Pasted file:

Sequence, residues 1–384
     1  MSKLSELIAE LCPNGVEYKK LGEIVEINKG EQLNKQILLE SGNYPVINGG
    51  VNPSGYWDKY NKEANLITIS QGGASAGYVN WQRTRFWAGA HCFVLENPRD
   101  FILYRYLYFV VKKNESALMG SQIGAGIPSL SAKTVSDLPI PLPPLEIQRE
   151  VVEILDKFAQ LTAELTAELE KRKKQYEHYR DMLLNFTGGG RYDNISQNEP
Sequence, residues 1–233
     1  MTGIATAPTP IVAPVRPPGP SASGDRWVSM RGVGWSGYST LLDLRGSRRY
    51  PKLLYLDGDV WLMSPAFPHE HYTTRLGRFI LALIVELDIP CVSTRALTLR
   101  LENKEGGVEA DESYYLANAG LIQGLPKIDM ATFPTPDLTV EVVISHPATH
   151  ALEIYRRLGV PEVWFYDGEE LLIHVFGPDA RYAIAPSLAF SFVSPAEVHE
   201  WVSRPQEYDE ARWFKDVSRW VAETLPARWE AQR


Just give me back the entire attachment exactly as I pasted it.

Sequence, residues 1–384
     1  MSKLSELIAE LCPNGVEYKK LGEIVEINKG EQLNKQILLE SGNYPVINGG
    51  VNPSGYWDKY NKEANLITIS QGGASAGYVN WQRTRFWAGA HCFVLENPRD
   101  FILYRYLYFV VKKNESALMG SQIGAGIPSL SAKTVSDLPI PLPPLEIQRE
   151  VVEILDKFAQ LTAELTAELE KRKKQYEHYR DMLLNFTGGG RYDNISQNEP
Sequence, residues 1–233
     1  MTGIATAPTP IVAPVRPPGP SASGDRWVSM RGVGWSGYST LLDLRGSRRY
    51  PKLLYLDGDV WLMSPAFPHE HYTTRLGRFI LALIVELDIP CVSTRALTLR
   101  LENKEGGVEA DESYYLANAG LIQGLPKIDM ATFPTPDLTV EVVISHPATH
   151  ALEIYRRLGV PEVWFYDGEE LLIHVFGPDA RYAIAPSLAF SFVSPAEVHE
   201  WVSRPQEYDE ARWFKDVSRW VAETLPARWE AQR